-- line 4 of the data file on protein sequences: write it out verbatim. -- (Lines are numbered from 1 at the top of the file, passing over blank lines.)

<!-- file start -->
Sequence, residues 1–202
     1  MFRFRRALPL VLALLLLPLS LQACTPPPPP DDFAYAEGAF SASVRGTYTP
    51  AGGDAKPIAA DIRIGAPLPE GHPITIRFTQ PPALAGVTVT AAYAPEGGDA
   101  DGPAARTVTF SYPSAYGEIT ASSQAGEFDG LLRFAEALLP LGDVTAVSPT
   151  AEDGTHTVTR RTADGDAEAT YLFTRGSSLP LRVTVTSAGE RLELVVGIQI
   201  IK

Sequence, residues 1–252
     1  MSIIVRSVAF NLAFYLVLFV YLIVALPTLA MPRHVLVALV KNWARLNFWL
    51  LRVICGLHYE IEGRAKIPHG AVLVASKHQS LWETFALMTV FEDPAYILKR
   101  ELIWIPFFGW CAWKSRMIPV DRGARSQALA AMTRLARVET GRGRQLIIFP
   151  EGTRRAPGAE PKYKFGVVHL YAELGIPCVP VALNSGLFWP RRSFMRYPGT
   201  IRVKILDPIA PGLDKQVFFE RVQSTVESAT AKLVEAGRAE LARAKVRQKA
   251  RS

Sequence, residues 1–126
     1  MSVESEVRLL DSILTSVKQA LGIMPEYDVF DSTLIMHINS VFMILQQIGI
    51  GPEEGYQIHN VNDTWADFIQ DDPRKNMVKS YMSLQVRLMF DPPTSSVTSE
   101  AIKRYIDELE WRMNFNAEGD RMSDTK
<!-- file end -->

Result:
   101  DGPAARTVTF SYPSAYGEIT ASSQAGEFDG LLRFAEALLP LGDVTAVSPT